On November 8 Professor Cutler Cleveland presented preliminary results of his team’s research to the the City of Boston’s Green Ribbon Commission. BU President Robert Brown sits on the commission. Professor Cleveland and his colleagues provide technical analyses of the options available to the City to reach its goal of carbon-neutrality by 2050.
Researchers in the Institute for Sustainable Energy and the Department of Earth and Environment are assessing potential technologies and policies that reduce greenhouse gas emissions across the energy, buildings, transportation, and waste sectors in the City. Social equity is a key cross-cutting theme. This work is a collaborative effort with the City of Boston and the Boston Green Ribbon Commission, and it will inform the City’s upcoming Climate Action Plan update.
First-year PhD student Yasmin Romitti has collaborated with the National Academy of Sciences to develop a research agenda for dealing carbon dioxide capture. Negative emissions technologies that aim to remove and sequester excess carbon from the atmosphere have been identified as an important part of the portfolio of responses to climate change. This new report aims to develop a detailed research and development agenda needed to assess the benefits, risks, and sustainable scale potential for carbon dioxide removal and sequestration approaches and increase their commercial viability. Romitti is advised by Professor Tony Janetos.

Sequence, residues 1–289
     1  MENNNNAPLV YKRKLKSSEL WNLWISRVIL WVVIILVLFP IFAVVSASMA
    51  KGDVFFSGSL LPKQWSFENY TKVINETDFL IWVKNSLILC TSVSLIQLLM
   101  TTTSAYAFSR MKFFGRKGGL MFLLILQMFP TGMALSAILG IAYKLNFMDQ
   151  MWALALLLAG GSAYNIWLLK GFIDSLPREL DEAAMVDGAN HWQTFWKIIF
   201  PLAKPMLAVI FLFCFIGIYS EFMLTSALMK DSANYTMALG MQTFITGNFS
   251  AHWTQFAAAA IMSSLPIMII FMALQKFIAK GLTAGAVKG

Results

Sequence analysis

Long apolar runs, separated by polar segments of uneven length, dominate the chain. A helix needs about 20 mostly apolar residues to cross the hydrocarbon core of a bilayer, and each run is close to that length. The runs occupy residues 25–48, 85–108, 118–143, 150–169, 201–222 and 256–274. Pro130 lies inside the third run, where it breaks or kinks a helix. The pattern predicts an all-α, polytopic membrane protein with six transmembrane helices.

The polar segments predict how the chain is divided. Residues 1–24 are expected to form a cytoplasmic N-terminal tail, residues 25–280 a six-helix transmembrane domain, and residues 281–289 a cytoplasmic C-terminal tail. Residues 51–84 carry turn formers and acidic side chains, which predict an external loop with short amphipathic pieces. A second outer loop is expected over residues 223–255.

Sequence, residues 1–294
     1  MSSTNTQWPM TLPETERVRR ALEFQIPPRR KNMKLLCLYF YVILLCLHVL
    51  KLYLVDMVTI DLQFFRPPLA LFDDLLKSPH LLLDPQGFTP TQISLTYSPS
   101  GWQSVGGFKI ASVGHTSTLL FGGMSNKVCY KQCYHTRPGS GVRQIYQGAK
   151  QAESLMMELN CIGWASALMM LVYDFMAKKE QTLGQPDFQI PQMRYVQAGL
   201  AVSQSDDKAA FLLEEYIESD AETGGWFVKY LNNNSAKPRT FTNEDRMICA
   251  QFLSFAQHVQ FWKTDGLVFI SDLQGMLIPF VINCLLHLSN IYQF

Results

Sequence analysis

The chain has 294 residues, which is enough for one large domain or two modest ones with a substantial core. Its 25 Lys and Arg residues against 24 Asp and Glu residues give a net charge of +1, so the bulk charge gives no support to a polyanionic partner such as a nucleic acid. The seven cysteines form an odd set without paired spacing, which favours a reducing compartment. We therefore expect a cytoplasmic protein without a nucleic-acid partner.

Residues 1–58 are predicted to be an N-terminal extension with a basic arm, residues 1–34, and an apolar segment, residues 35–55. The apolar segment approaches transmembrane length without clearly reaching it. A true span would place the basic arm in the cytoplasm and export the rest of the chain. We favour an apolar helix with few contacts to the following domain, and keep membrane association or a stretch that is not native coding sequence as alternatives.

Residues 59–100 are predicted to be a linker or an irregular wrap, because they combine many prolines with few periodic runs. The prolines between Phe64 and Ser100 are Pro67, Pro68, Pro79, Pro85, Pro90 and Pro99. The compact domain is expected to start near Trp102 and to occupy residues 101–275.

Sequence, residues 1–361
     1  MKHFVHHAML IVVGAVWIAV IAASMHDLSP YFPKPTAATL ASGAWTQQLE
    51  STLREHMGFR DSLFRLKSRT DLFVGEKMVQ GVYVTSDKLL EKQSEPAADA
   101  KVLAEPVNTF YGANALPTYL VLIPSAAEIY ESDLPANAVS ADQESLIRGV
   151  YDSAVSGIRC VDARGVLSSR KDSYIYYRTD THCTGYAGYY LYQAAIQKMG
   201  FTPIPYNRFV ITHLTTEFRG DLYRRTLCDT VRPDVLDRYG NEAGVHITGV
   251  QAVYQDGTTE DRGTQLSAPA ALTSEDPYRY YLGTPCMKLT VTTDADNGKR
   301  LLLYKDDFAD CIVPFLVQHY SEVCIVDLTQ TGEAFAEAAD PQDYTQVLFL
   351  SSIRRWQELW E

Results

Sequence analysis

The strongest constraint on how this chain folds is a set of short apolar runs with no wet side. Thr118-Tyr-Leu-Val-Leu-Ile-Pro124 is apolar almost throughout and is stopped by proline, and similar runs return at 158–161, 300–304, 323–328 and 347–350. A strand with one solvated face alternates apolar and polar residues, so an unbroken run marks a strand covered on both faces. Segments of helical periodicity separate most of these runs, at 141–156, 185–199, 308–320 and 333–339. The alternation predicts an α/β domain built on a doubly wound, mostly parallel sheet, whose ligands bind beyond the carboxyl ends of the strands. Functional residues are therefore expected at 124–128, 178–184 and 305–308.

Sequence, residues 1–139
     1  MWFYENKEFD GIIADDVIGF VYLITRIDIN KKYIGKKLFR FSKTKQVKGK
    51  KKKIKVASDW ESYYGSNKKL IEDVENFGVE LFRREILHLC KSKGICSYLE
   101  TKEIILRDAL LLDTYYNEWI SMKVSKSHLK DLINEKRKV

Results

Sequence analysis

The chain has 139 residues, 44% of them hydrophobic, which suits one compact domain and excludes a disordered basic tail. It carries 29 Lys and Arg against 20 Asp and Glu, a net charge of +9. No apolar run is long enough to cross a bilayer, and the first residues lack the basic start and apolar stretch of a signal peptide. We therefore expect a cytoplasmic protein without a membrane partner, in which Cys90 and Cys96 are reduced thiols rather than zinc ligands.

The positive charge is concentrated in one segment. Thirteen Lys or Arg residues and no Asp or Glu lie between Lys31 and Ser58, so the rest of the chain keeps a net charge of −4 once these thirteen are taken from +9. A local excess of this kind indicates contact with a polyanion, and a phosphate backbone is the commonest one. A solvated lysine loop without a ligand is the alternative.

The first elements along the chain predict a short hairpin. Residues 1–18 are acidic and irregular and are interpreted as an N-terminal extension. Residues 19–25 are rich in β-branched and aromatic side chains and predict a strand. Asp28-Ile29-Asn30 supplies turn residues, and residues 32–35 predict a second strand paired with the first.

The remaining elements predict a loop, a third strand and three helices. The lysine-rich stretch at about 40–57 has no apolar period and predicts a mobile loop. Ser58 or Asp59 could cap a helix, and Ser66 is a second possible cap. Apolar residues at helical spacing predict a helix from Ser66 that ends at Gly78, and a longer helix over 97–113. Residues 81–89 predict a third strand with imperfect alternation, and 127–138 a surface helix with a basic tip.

Professor Suchi Gopal, Lecturer James Baldwin, and Kevin Gallagher of BU’s Global Development Policy Center have penned “Fueling Global Energy Finance: The Emergence of China in Global Energy Investment” in Energies. The writers assess the investment trends in the global energy sector during, before, and after the financial crisis of 2008 using the Dealogic database providing cross-border mergers and acquisitions and the “fDi Intelligence fDi Markets” database providing Greenfield foreign direct investments).
Adjunct Assistant Professor John Fegyveresi and his colleagues have penned “Instruments and methods: a case study of ice core bubbles as strain indicators” in Annals of Glaciology. In their abstract, the authors note, “Measurements of a sample from ~580 m depth in the WAIS Divide (WDC06A) ice core reveal that bubbles are preferentially elongated in the basal plane of their parent grain, as expected if bubble shape preserves the record of dominant basal glide. This suggests that a method using bubbles as strain gauges could provide insights to grain-scale ice deformation. We introduce a technique using fabric and image analyses of paired thin and thick sections.”
Professor Rick Murray has been elected to a two-year term as a member of the Board of Directors of the American Geophysical Association, where he will help oversee AGU’s business, organizational, and legal affairs. For nearly a century AGU has worked to promote discovery in Earth and space science for the benefit of humanity.